The Cleveland Browns will face the undefeated New England Patriots this upcoming Sunday in Foxboro, Massachusetts- a place the Patriots haven’t lost since October 1, 2017 (16-straight home wins). The Browns are coming off of a much-needed bye week, whereas the Patriots won in dominating fashion versus the New York Jets on Monday Night Football, making quarterback Sam Darnold look like Emmett Kelly, only completing 11 of 32 pass attempts for 86 yards, zero touchdowns, and four interceptions.
Just how good have the Patriots been in 2019? Their 175 point differential is the most through a team’s first seven games in football history. Simply put: they are the best team in football (yet again) and are the epitome of “The whole is greater than the sum of its parts.” They are well-coached (understatement), disciplined, and efficient.
On the defensive side of the ball, the Patriots are a controlling force reminiscent of the Roman Army, wherein there were no competitors of equal strength for hundreds of years. Per Pro Football Focus (“PFF”), The squad has posted the following statistics and ranks on a season-to-date basis:
One trademark of this franchise is Cover 0 or “zero blitz.” Cover 0 is a man-to-man defensive scheme with all defensive backs lined up close to the line of scrimmage with specific play responsibilities. Cornerbacks will use inside leverage on wide receivers in order to use the sideline as an “extra defender” since they are on an island with no safety help in the middle of the field. The goal of this defensive scheme is a heavy pass rush that puts pressure on the quarterback in order to force quick throws and to disrupt the natural progressions of the passing game. The Patriots are masterful at this concept, as evidenced Monday night versus the Jets:
Anothaaa one! Devin McCourty nabs his 5th INT of the year.
— PFF (@PFF) October 22, 2019
The effectiveness of man coverage for the Patriots defense is further enhanced by, arguably, the best cornerback duo in the league in Stephon Gilmore and J.C. Jackson:
20 receptions on 45 targets for 266 yards and a 36.0 passer rating (3rd-lowest in the league, minimum 100 coverage snaps)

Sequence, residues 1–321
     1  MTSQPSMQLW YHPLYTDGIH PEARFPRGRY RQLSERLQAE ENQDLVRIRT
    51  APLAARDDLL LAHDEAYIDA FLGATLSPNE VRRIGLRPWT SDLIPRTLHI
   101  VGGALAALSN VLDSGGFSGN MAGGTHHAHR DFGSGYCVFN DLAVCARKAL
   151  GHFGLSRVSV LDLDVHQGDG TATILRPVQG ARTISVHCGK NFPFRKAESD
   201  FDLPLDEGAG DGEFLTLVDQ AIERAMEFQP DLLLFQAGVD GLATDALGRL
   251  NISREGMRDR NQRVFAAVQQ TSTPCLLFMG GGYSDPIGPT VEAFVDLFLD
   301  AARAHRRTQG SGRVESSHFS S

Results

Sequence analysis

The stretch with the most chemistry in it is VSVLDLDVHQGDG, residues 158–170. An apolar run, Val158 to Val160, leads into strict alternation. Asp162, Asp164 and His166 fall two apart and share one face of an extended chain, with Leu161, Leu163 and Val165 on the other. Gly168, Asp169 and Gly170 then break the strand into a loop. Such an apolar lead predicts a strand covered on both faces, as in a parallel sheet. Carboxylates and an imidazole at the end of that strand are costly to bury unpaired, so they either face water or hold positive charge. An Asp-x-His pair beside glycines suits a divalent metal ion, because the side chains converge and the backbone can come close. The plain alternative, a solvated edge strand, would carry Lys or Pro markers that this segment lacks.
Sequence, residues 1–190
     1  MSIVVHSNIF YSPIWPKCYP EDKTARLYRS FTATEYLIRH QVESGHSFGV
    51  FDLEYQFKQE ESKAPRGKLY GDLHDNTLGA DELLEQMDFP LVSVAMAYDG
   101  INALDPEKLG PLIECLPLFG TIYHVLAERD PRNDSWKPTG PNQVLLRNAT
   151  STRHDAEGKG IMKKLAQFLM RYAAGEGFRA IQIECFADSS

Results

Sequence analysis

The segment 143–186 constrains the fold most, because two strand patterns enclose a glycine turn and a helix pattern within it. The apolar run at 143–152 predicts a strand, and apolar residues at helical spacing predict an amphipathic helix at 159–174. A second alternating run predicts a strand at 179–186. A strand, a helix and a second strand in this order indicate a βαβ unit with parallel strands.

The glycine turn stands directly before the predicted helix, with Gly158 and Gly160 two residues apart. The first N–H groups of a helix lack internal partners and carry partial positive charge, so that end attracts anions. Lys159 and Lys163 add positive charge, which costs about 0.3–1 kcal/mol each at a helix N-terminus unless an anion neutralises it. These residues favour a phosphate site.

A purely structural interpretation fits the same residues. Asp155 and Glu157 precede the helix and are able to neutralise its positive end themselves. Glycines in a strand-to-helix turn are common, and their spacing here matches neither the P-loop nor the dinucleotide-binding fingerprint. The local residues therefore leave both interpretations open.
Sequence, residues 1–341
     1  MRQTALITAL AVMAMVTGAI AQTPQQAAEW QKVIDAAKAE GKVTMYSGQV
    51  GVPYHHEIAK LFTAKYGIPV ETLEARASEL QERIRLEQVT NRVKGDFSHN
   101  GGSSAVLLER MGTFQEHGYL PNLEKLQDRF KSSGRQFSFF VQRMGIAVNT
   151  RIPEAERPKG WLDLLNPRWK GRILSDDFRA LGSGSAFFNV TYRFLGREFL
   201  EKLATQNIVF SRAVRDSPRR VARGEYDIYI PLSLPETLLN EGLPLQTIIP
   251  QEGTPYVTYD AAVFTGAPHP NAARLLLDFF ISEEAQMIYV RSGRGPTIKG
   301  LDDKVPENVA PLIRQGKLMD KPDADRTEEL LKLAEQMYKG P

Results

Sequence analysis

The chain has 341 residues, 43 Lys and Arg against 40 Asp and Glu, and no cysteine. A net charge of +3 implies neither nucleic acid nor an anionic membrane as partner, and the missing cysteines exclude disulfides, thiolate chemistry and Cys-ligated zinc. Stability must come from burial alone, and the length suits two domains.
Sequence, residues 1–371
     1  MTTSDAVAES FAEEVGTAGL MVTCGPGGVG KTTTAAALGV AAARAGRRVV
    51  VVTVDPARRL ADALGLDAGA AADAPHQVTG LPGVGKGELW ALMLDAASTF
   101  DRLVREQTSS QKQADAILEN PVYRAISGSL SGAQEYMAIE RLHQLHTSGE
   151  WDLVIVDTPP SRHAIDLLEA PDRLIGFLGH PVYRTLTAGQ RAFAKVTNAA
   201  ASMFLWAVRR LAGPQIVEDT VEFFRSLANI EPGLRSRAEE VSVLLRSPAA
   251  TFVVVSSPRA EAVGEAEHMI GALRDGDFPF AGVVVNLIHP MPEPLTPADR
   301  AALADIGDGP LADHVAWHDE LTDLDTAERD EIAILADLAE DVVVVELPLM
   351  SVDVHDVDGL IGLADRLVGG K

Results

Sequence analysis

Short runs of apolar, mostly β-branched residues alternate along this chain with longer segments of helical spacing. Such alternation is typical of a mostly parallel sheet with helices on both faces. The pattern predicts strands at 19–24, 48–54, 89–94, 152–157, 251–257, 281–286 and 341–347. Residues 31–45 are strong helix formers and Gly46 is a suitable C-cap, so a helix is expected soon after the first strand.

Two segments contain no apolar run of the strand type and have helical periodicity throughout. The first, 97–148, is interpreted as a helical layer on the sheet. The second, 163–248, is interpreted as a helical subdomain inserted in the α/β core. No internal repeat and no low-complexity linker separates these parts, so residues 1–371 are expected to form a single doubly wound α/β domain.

Stephon Gilmore continued his dominant play in coverage, allowing a 0.0 passer rating when targeted as the nearest defender for the 2nd straight game.
— Next Gen Stats (@NextGenStats) October 22, 2019
8 receptions on 23 targets for 96 yards and a 12.2 passer rating (lowest in the league, minimum 100 coverage snaps)
J.C. Jackson led all qualifying cornerbacks in passer rating allowed during the 2018 regular season with a 42.0.
— PFF NE Patriots (@PFF_Patriots) October 17, 2019
Browns quarterback Baker Mayfield has struggled mightily versus pressure thus far in 2019, completing only 22 of 58 pass attempts for 286 yards, one touchdown, five interceptions, and a 24.1 passer rating. The second-year quarterback is going to have to play not only his best game of the season, but the best game of his career in order for the Browns to be victorious. Mayfield and the Browns offense will have to make the Patriots defense pay for their aggression via quick slant and crossing routes in order to create big plays and take advantage of the yards-after-catch (YAC) ability of wide receivers Odell Beckham, Jr. and Jarvis Landry. As a group, the Browns wide receiver corps averages 5.4 YAC, which is tied for the third-most in the league. Winning one-on-one match-ups versus man coverage will be pivotal for the overall effectiveness of the offense.
Where the defense is moderately susceptible (I use that term lightly) is against the run. Per PFF, through Week 6, the defense had allowed 3.4 rushing yards after contact per attempt (2nd-most), while facing a league-low 126 rushing attempts, mostly due disadvantageous game scripts. It just so happens that Browns running back Nick Chubb is 4th in the league in yards after contact per attempt (3.49). Funneling the offense through Chubb (with play action to boot) and controlling the game-clock/flow of the game will be a key factor in Sunday’s match-up.
On the offensive side of the ball, the Patriots are methodical, controlling, and play generally mistake-free football. The passing game focuses on short to intermediate routes (Brady ranks 26th in average intended air-yards per Next Gen Stats) and play-action (Patriots have used on the fifth-most quarterback dropbacks). The running game predominantly funnels through Sony Michel, who is tied for the seventh-most rushing attempts (119).
The Browns defensive line matches up pretty well versus the Patriots offensive line. One of the key match-ups will be Browns edge Myles Garrett versus Patriots offensive tackles Marshall Newhouse and Marcus Cannon1, who have surrendered a total of 28 pressures per PFF. Garrett will look to be a disruptive force and build on his fifth-ranked pass-rushing productivity of 10.9 (PFF).
The Browns are well-rested and motivated coming into the Week 8 match-up. Limiting the habitual self-inflicted wounds will be paramount versus a Patriots team that leads the league in turnover differential (+14). As Landry said during Thursday’s media session, “We can’t beat ourselves. We can’t make mistakes at critical times. We have to match…I would not even really say match their intensity or match what they are doing. I would just say we can’t beat ourselves. That goes for any game no matter who you are playing. You can’t beat yourself.”
We have seen the flashes of potential at some point in almost every game this season. Those moments when the offense was firing on all cylinders and the defense was constantly placing the opposing quarterback under duress. The Browns need to put together a complete game in all facets in order to claim victory on Sunday. To win in Foxboro would change the trajectory of this season and the ever-declining narrative surrounding this ball club: